- Agree (83%)
- Not sure (10%)
- Disagree (7%)
Our latest poll draws on the most recent data released by Adviser Ratings, which predicts adviser numbers will have decreased 20% by the end of 2021. We’re asking whether you think this trend will continue next year.
According to the ratings firm, adviser numbers will have dropped to around 16,500 by the end of this year after taking into account organic retirements as well as those advisers who will not have passed the FASEA adviser exam by its 31 December cut-off and who won’t have qualified to sit the exam in 2022 (see: Adviser Numbers to Drop to 16,500…).
From the current number of just under 19,000 advisers, the firm forecasts there are still close to another 5,000 who will depart the sector before numbers stabilise.
one in five …advisers will have departed the sector in 2021
At the start of 2021, according to Wealth Data reporting, there were 20,635 active advisers on ASIC’s Financial Adviser Register, so with the Adviser Ratings prediction of only 16,500 advisers remaining at the end of 2021, this means one in five, or (net) 20% of advisers will have departed the sector in 2021.
If this trend is repeated in 2022, there will only remain a net 13,200 advisers by the end of next year, which will represent a drop of more than 50% in a few short years from the almost 28,000 active advisers registered at the beginning of 2019.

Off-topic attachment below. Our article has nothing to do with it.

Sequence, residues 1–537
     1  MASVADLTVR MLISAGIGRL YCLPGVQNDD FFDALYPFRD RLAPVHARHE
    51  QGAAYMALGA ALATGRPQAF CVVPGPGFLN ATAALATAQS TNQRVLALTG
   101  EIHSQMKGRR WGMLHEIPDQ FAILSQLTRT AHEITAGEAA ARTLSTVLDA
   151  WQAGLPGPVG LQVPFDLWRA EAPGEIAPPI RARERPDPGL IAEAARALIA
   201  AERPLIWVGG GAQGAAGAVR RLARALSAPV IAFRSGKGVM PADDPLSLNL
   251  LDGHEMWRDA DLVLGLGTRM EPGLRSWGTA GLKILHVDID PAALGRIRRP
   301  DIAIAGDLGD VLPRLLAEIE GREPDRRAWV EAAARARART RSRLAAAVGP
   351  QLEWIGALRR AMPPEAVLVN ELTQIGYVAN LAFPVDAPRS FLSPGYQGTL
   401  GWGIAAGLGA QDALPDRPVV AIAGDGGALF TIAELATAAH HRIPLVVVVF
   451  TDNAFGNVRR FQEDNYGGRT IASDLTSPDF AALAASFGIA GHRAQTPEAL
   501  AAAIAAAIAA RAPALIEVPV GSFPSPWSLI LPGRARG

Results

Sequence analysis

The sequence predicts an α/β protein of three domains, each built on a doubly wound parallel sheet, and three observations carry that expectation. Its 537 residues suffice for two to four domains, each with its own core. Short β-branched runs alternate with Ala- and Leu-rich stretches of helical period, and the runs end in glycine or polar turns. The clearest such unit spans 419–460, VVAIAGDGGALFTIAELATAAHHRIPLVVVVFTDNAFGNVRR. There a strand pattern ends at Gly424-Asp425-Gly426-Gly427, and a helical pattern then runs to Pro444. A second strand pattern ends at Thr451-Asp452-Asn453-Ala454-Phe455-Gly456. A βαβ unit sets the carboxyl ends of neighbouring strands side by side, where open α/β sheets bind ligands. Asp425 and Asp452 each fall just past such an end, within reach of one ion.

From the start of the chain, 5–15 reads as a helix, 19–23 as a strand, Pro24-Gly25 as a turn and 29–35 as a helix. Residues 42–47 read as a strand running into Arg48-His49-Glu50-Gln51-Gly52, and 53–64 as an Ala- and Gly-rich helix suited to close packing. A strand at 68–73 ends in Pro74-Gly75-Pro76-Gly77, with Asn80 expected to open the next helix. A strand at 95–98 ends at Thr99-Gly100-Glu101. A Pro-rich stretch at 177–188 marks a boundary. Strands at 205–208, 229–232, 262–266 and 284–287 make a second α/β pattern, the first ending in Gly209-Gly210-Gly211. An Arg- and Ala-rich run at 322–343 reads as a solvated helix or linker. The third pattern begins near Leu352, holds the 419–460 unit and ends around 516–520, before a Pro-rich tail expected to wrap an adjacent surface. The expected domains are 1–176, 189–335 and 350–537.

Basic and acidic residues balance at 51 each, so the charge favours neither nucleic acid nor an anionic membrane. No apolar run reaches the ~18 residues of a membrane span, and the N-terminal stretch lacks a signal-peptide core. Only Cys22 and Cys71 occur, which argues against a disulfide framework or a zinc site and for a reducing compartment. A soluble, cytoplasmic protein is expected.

When will this decline in adviser numbers stabilise? Do you think another (net) 20% will disappear in the coming 12 months?
This is the point at which we could start to talk about a number of factors which may have a bearing on adviser numbers in 2022 and beyond, including minimum education standards required to be met by 1 January 2026, the seemingly ever-increasing regulatory burden being imposed on advisers and the accompanying challenge to maintain a financially-viable advice business, together with remuneration restrictions being placed on life insurance advice in what is otherwise a free-market economy.
There’s clearly a lot of water yet to flow under the bridge before adviser numbers consolidate, but do you think the trend that has occurred in 2021, that is, a 20% reduction in adviser numbers, will be repeated next year? Tell us what you think and we’ll report back next week…